Another blog?

Bruce Sterling says we only have 10 years -- let's make the most of them!


Joan Walsh
March 19, 2007 9:35PM (UTC)

I've wanted my own blog since Salon started War Room in early 2004. But I had one big fear: If I started a blog, would I ever find the time to write longer features, pieces that require thinking and rewriting and even, gasp, reporting?

But it's time to face the facts: Since I became editor of Salon, I'm not writing longer features or doing much reporting. (Here's my directory page if you have any doubts.) It seems like all I have the time for is writing in blog-size chunks. I've come to the realization that a blog works for me; now my goal is to make sure it works for you.

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Just as I was making peace with my decision, I had to face one last fear: Will blogging be officially "over" just when I decide to start a blog? Bruce Sterling scared the hell out of me at South by Southwest 2007 (yes, I'm afraid of that, too: South by Southwest will be officially "over" by the time I decide it's a really great, cutting-edge conference/beer bash worth scheduling my March around) when he predicted that in 10 years, nobody will be talking about blogging anymore.

To a futurist like Sterling, 10 years is practically today. After an initial gasp, my reaction was: OK, that gives me 10 years. But Sterling sounded an alarm about something else more worrisome: How do we make sure the things we're creating in this new media revolution aren't just new and shiny and fast and different (and come with a little multimedia and some social networking) but also, um, good? He played off Technorati's slogan "55 million blogs ... some of them have to be good" and concluded, "Well, no, actually. They don't." (Or something like that; since I didn't have a blog, I wasn't live-blogging his talk or taking notes.)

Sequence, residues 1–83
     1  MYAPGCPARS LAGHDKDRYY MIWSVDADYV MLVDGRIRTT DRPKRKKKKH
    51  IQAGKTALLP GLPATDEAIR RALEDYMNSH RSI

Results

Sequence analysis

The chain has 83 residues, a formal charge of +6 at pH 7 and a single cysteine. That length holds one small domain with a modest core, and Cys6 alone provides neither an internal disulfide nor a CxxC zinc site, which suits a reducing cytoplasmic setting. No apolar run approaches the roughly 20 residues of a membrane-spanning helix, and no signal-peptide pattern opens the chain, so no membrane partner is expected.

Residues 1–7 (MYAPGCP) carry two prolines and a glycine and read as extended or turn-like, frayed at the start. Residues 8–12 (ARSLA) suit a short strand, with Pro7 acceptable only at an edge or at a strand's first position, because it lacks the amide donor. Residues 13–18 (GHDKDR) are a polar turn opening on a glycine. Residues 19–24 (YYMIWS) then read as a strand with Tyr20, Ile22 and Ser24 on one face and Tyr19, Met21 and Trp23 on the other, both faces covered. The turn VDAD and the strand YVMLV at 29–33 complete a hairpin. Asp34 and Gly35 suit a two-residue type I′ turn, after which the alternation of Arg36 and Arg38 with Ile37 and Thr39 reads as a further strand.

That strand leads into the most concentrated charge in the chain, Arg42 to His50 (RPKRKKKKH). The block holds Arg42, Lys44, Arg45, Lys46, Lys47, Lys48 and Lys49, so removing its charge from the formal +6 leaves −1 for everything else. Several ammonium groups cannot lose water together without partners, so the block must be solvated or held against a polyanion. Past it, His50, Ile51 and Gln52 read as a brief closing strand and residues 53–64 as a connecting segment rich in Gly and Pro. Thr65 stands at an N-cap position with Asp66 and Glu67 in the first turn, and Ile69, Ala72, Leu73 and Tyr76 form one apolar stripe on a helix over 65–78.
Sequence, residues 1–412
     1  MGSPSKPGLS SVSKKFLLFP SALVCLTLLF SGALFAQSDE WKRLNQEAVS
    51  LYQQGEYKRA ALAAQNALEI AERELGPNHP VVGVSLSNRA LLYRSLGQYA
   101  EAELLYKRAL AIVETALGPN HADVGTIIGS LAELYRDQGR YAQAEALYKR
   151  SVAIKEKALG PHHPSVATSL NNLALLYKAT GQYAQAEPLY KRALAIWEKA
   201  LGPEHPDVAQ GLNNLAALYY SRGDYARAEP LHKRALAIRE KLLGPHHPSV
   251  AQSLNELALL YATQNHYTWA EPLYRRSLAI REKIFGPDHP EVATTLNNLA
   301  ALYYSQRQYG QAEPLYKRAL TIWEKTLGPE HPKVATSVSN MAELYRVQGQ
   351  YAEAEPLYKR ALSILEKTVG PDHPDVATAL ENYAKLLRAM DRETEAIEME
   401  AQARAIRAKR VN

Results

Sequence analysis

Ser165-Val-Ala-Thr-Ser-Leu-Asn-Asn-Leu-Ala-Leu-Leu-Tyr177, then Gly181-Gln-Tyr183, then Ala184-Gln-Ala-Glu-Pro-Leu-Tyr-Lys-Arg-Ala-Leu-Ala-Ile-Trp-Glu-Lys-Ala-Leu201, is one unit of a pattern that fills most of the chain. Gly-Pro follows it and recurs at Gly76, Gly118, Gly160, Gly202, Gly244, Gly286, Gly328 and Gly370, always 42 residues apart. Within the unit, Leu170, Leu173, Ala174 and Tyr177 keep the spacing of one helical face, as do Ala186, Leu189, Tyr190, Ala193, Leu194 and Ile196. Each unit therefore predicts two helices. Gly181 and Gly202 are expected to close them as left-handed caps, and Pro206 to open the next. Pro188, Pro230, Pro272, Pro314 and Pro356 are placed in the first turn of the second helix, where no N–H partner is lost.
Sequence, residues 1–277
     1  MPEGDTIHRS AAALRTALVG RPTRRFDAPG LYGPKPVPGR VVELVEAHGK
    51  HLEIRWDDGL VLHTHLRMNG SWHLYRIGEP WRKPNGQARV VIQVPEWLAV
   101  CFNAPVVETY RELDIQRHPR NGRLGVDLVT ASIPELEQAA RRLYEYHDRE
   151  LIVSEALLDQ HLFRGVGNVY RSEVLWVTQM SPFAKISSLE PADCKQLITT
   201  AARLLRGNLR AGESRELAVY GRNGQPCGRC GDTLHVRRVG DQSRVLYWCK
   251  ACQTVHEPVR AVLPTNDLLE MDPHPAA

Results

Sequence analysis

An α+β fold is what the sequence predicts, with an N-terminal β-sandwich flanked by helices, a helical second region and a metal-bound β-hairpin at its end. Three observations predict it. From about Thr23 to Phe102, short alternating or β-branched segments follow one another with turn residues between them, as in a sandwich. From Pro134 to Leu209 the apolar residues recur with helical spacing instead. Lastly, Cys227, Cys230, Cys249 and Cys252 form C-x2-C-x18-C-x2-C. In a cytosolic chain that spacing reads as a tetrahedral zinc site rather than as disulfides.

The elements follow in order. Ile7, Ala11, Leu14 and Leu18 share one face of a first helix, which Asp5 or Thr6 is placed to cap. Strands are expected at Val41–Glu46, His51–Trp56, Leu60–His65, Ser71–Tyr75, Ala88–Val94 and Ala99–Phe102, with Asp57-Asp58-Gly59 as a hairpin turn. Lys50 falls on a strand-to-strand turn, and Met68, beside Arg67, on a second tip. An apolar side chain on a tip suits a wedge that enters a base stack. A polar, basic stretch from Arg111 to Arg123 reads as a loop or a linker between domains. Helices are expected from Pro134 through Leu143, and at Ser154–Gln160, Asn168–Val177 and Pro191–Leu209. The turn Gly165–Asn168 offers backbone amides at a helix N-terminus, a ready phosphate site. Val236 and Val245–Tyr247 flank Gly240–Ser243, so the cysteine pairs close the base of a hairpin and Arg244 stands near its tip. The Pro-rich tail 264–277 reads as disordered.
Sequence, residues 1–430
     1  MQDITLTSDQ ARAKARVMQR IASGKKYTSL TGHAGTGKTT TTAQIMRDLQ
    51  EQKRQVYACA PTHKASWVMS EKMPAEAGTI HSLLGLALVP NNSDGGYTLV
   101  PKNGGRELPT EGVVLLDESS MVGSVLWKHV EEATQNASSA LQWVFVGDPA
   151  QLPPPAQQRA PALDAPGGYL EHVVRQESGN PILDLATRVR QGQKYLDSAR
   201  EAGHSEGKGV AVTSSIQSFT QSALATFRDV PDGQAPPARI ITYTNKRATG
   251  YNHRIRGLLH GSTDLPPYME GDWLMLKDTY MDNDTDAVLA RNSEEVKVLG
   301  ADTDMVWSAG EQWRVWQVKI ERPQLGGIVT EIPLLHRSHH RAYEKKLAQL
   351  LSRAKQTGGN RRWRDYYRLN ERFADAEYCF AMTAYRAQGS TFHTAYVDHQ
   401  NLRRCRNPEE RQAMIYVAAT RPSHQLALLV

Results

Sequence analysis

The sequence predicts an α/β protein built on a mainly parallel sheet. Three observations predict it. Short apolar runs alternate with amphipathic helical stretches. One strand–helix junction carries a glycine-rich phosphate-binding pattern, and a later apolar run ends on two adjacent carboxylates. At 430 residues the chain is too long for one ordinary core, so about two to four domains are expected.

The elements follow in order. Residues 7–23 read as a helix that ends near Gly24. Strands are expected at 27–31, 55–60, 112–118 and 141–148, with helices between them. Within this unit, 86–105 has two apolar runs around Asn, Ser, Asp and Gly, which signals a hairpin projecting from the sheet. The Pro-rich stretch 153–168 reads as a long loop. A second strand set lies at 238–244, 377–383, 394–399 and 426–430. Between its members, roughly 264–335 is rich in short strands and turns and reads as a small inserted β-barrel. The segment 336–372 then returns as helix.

But we know some blogs are good, and my goal is to make sure mine is one of them. For now, blogs are a tool. When we invent a better tool, they'll be eclipsed. Of course they're perfect for Web publishing, where everything we do is a first draft; they're perfect for our sped-up news cycle as well (although the expectation that we can keep up with the crushing pace of news 24/7 via blogs has probably accelerated the cycle, and I'll say more about that over the coming months.) Every once in a while, someone will set Salon up in opposition to the blogosphere, but I think it's a false split. We started some great blogs of our own -- War Room, Broadsheet, Video Dog, How the World Works -- we added blogosphere originals Peter Daou, Steve Benen and Glenn Greenwald, and some of my favorite bloggers -- Joshua Micah Marshall, Andrew Sullivan and Arianna Huffington -- used to be Salon columnists and frequent contributors.

But this won't be a blog about blogging. It's just a coincidence I'm launching on the fourth anniversary of the Iraq war, but it's a useful coincidence. I wish I'd had a blog all these years to keep track of the Bush administration's steady descent into scary and dangerous incompetence, from Baghdad to Washington, D.C. More than any other issue, the Iraq war demands daily vigilance, to unravel Republican spin and Democratic waffling and to keep both parties' feet to the fire fighting the Bush escalation and pushing for an exit strategy. I'm also happy to be launching at the start of the most wide-open presidential election in my lifetime, and while Salon won't take any official position on the race, I'll have a lot to say about the contenders in both parties in the weeks and months to come.

And occasionally this blog will be about Salon -- changes, new features, controversies, clarifications, apologies, some kvelling. If I'd had a blog, I'd have been on it Feb. 18, the day the Washington Post began its series on poor outpatient treatment at Walter Reed Army Medical Center, reminding you that you read about the scandal first in Mark Benjamin's great reporting on Salon. Today I can use the blog to introduce the first three episodes of "Hometown Baghdad," an amazing Web documentary following the daily lives of three young Iraqis.

Maybe most interesting, blogs foster a two-way conversation that I'm looking forward to, and I trust our amazing readers to do their part. Let me know what you think in my comments section.

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Joan Walsh

Joan Walsh is the author of "What's the Matter With White People: Finding Our Way in the Next America."

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